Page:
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This statue commemorates longtime Cincinnati Red and baseball’s all-time hits leader, Pete Rose (1941-). Born in Cincinnati, he spent nineteen of his twenty-four major league seasons with his hometown team. In his first stint with the Reds from 1963 to 1978, Rose won three National League batting titles, two Gold Glove Awards, and one National League Most Valuable Player Award. With teammates Johnny Bench, Joe Morgan, and Tony Pérez, he helped propel Cincinnati’s “Big Red Machine” to four National League pennants and two World Series titles in the 1970s, collecting the 1975 World Series Most Valuable Player Award along the way. In 1985, during his second spell with the club, Rose recorded his 4,192nd career hit, surpassing Ty Cobb to become baseball’s all-time hits leader. The seventeen-time All-Star retired as a player following the 1986 season, finishing with 4,256 hits and a career batting average of .303. After an investigation by Major League Baseball into reports that Rose bet on baseball, including his own team, commissioner Bart Giamatti banned him from baseball for life, a decision which also made him ineligible for the National Baseball Hall of Fame. Many years later, Rose finally confessed to betting on baseball, including the Reds. Despite appeals throughout the years on his part for reinstatement, he remains banned from baseball to this day. On June 17, 2017, the Reds unveiled a statue of Rose along Joe Nuxhall Way just outside Great American Ball Park. Designed by Cincinnati-based artist and University of Cincinnati alumnus Tom Tsuchiya, the bronze sculpture depicts baseball’s all-time hits king sliding headfirst into a base.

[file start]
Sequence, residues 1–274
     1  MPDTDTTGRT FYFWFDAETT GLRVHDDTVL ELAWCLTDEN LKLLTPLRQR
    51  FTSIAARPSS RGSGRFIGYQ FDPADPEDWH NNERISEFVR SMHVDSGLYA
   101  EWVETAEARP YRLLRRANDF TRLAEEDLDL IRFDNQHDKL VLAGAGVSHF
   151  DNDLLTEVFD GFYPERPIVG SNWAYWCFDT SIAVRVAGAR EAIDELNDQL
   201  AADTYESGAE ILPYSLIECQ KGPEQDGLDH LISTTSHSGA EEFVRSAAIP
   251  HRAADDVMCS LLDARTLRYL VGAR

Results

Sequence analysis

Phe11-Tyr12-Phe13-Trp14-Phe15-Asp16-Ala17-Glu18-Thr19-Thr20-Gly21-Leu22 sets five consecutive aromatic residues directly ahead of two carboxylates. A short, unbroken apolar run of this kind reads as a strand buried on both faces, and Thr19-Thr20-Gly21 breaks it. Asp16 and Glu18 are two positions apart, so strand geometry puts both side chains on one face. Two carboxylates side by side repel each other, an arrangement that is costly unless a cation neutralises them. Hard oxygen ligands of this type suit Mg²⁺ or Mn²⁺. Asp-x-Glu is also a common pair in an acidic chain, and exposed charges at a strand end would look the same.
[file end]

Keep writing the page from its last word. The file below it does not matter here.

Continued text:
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  • Hand, Temple, Tie, Gesture
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  • Sports uniform, Sports equipment, Shoe, Sports gear